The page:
A divided state Supreme Court has found that there is no "public policy" requiring a police officer to be honest.

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A divided state Supreme Court has found that there is no “public policy” requiring a police officer to be honest.

In a ruling issued Thursday, the court voted 5-3 to overturn a Court of Appeals decision that had upheld the 2001 firing of Kitsap County sheriff’s Deputy Brian LaFrance for lying and neglecting his caseload. The high court ordered that LaFrance be reinstated.

The ruling sparked a sharp comment from Justice James Johnson, who wrote that he must “dissent from a majority that fails to discern the strong public policy against employing police officers with serious, documented dishonesty and misconduct.”

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The nuanced opinion deals particularly with a clause found in many, if not most, Washington state police and sheriff’s union contracts that sends disputed disciplinary cases to binding arbitration.

LaFrance was fired after an internal investigation determined that he had failed to work cases, including a homicide and child- pornography case, and then repeatedly lied to his supervisor and investigators about it. Investigators found case files scattered in the trunk of his car, and say LaFrance also downloaded pornography onto a police computer in violation of department policy.

The case went to arbitration, and the arbitrator — while upholding the findings that LaFrance committed 29 separate incidents of misconduct — said the department failed to take into account his mental-health issues and determined that termination was too harsh a punishment.

The arbitrator ordered the Sheriff’s Office to reinstate LaFrance after he passed a fit-for-duty exam.

LaFrance was returned to the patrol division.

The Sheriff’s Office then fired him again in 2005, this time on the advice of county prosecutors who said LaFrance could no longer be a reliable witness in any criminal case because his history of dishonesty.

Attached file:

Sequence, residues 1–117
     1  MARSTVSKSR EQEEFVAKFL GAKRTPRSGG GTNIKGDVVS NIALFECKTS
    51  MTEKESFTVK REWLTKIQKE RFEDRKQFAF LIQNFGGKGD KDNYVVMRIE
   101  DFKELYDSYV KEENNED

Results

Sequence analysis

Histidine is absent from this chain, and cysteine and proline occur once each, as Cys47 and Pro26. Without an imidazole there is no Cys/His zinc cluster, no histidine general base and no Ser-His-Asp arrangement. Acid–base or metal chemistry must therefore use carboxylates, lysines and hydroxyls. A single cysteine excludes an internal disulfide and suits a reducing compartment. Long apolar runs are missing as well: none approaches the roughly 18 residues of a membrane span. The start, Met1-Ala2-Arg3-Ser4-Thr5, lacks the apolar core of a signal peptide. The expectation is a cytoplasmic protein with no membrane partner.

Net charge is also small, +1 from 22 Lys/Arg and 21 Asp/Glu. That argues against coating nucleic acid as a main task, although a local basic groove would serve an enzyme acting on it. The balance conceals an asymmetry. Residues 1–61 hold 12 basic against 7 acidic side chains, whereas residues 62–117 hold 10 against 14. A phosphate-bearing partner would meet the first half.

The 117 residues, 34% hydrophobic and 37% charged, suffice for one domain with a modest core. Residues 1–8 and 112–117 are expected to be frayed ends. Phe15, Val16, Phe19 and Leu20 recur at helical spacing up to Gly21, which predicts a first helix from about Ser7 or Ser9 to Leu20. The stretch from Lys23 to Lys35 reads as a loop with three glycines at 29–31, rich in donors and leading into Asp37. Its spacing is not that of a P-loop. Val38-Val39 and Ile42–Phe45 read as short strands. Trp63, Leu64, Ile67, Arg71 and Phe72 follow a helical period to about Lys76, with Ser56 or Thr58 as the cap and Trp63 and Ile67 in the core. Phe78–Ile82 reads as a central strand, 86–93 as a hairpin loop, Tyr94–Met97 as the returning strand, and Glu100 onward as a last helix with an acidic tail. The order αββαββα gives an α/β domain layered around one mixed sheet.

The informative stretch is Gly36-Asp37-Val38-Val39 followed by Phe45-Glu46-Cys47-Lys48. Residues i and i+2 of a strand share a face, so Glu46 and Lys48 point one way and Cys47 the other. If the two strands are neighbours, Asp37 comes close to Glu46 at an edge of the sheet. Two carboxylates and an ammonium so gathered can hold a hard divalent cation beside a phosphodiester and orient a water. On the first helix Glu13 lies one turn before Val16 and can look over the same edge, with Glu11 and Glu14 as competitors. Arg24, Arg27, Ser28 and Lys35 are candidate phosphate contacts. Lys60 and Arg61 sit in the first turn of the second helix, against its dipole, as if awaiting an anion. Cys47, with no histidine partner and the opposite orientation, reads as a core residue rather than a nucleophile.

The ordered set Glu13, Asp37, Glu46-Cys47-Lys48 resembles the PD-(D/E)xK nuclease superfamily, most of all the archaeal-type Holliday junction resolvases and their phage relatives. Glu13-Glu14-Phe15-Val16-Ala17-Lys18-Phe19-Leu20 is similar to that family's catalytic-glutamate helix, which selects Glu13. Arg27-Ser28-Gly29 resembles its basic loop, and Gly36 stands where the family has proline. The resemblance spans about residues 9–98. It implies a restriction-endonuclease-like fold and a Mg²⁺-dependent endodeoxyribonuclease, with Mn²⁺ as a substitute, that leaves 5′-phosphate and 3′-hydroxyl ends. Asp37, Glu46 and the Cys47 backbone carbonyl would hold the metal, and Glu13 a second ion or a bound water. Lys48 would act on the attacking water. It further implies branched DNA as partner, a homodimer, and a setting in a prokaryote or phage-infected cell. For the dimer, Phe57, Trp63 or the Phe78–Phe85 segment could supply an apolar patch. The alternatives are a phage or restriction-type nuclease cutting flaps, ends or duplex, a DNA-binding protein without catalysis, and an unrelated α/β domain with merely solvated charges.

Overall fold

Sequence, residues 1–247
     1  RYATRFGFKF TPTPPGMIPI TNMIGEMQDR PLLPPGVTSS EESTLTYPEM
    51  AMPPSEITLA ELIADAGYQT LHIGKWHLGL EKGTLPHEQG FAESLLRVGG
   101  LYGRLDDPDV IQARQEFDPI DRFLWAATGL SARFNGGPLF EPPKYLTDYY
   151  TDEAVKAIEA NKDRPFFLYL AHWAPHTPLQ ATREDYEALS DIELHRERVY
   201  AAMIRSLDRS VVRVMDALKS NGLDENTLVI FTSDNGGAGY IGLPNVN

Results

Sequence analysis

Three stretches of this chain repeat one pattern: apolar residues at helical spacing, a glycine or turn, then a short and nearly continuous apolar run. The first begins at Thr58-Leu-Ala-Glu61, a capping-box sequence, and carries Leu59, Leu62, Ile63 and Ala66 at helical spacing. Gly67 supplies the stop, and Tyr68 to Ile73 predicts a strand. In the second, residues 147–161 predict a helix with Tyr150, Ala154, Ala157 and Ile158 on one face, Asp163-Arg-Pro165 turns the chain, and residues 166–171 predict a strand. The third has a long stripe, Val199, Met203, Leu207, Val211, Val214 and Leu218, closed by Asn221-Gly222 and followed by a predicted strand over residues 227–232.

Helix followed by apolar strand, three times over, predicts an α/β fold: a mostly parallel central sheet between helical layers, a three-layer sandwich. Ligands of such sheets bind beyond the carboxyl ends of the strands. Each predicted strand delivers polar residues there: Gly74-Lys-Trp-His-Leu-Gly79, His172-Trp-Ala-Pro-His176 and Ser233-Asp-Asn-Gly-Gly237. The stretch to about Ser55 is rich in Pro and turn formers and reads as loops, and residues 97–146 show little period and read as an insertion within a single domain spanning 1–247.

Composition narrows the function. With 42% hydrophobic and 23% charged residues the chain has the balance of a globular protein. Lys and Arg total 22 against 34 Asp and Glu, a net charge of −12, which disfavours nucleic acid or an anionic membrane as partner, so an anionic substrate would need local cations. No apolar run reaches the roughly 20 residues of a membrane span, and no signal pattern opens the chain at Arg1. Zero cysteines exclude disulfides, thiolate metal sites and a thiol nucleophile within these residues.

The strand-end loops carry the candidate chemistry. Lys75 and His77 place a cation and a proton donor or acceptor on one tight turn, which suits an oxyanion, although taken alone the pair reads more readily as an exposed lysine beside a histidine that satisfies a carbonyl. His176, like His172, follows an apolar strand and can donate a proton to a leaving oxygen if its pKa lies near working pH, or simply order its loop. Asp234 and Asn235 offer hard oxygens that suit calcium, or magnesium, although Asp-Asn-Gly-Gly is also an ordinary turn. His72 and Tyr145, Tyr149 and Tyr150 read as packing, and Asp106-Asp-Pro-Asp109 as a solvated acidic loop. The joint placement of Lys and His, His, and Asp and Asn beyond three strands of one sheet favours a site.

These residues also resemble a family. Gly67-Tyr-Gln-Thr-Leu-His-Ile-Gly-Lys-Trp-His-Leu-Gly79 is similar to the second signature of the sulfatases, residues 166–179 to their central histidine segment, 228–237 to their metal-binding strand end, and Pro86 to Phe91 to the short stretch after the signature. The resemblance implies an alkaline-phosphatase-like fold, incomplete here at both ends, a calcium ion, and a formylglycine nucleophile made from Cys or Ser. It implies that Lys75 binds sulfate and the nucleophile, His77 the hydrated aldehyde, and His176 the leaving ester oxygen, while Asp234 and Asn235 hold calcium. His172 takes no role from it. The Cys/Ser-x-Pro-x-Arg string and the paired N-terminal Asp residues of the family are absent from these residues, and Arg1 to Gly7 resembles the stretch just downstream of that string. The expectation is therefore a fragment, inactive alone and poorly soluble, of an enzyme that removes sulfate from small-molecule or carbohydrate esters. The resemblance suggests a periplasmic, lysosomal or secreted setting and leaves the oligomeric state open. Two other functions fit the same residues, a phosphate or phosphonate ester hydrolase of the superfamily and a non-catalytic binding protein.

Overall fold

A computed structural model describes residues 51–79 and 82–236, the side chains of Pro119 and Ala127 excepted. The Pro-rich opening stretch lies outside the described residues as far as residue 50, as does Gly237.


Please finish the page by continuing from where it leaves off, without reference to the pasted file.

In the majority opinion, Justice Susan Owens wrote that the Supreme Court is reluctant to review arbitration decisions. One exception is when the decision violates “an explicit, well-defined and dominant public policy.”

And that didn’t happen in LaFrance’s case, the justices wrote, because there is no clear public policy in Washington requiring police to be honest.

“There is no code, no state law, that makes it a dominant policy” that could be used to justify overturning the arbitration decision, said Jim Cline, LaFrance’s Seattle attorney.

But that doesn’t mean a police department can’t enforce its internal policies against dishonesty, just as Kitsap County did when it fired LaFrance. But those are not the sort of dominant public policies the court says it will require to overturn an arbitrated settlement, he said.

The state Attorney General’s Office filed a friend-of-the-court brief in the case, representing prosecutors concerned about how to deal with dishonest cops as witnesses. When LaFrance was fired in 2005, the reason was that the county prosecutor said he could not be a reliable witness because his untruthful past will come up in every case he’s involved in.

But the high court said even that issue does’t rise to the level of public policy that would warrant overturning the arbitrator’s decision to give LaFrance his job back.

“There is no explicit (or even implicit) statement regarding the continued employment of an officer found to be untruthful,” Owens wrote. “Even if we were to agree that the arbitrator’s decision was not good public policy and thought LaFrance’s reinstatement distasteful, the county has failed to cite any … public policy vacating this award.”

Sheriff Steve Boyer said he hadn’t determined what the department’s next step would be.

Assistant Kitsap County Prosecuting Attorney Jacquelyn Aufderheide said LaFrance has not worked in the office since 2005.

Mike Carter: 206-464-3706 or mcarter@seattletimes.com

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